Site Remediation - Emissions Boundary Monitoring

The remediation of contaminated land sites can prove to be a challenging undertaking.

There is considerable risk of chemical exposure to both the onsite workforce and to surrounding communities. To offsite receptors, the remediation process itself can become a significant route of exposure, with the excavation and uncovering of otherwise trapped contaminants resulting in potential volatilisation and aerosolisation of organic and inorganic toxic compounds.

As such, it is often necessary to undertake monitoring regimes for the early detection of in field short-term emissions of site related chemicals. The early detection of these emissions can be used to trigger associated contingency measures. These measures can then help mitigate and/or reduce emission exposure to surrounding communities to accepted regulatory and recommended guideline limits. When monitoring for emissions these normally fall into the two groups of Volatile Organic Compounds (VOCs) and Dusts/Particulates (particulate matter). As a minimum it is expected that trigger levels for noise, dust and VOCs are provided and acted upon.

In achieving this it is necessary to provide a site specific plan for proposed activities.Where a risk assessment shows that emissions require control, monitoring must take place to demonstrate effective abatement, this should include details of:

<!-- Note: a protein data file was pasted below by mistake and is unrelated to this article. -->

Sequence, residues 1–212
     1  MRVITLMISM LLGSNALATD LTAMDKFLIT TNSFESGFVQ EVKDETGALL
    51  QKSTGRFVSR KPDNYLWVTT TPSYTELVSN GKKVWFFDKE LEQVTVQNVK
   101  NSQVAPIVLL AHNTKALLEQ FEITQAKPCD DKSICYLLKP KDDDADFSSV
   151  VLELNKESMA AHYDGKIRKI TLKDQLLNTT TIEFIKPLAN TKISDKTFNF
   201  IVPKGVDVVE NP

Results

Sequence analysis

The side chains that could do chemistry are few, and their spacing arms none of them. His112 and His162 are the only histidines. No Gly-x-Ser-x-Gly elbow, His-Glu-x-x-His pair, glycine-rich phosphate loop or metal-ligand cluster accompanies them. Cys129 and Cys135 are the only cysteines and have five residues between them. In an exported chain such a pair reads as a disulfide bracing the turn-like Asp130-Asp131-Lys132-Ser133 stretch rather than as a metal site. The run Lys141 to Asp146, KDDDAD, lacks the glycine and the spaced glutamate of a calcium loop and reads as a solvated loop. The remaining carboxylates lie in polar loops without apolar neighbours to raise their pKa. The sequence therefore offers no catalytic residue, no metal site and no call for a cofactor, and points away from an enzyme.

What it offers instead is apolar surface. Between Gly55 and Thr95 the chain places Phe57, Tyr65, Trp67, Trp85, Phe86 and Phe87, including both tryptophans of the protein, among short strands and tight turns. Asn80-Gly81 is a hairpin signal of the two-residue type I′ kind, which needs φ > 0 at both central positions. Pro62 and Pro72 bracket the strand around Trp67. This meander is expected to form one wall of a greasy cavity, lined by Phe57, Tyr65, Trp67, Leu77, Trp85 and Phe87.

• Pollutants to be monitored
  • Emission limits and Trigger levels for each pollutant
  • Number and location of source emission points
  • Monitoring protocol, which includes frequency of monitoring, type of equipment, calibration, accreditation, sample collection and procedure
  • The experience and qualifications of personnel carrying out the monitoring and those responsible for interpreting and acting upon the results
  • Emissions action plan  
  • A baseline monitoring programme might be required where other emission sources similar to the proposed activity already exist.  

From these prior steps boundary air quality monitoring, trigger points can be set for each parameter (for example, between 80% and 90% of air quality criterion) which provide adequate protection of each environmental medium or human health.

Monitoring of VOCs and Dust: Technical View

Before the commencement of a project it is necessary to establish baseline conditions at the site. This step involves conducting short-term air monitoring before any emissions-generating activities begin. It is important during this step that consistency in sampling methodology is maintained throughout the remainder of the works, otherwise baseline or subsequent results may be called into question. This step allows any unanticipated difficulties to be addressed prior to commencement of full-scale remedial activities.

For VOCs initial sampling will normally entail the use of sorbent tubes. These will be placed at a number of locations along the perimeter of the site. VOCs present in the air are trapped onto absorbent material within sample tubes over a 28 day period. The sample tubes will then be analysed for the amount of VOC that has been absorbed. This is then converted to concentrations of VOCs in the air. Alongside this, fence line monitoring utilising Photo Ionisation Detectors (PIDs) can be undertaken to identify trends in VOC concentration to ppb levels. Such instruments include the Ion Science Tiger PID and Rae Systems ppbRAE.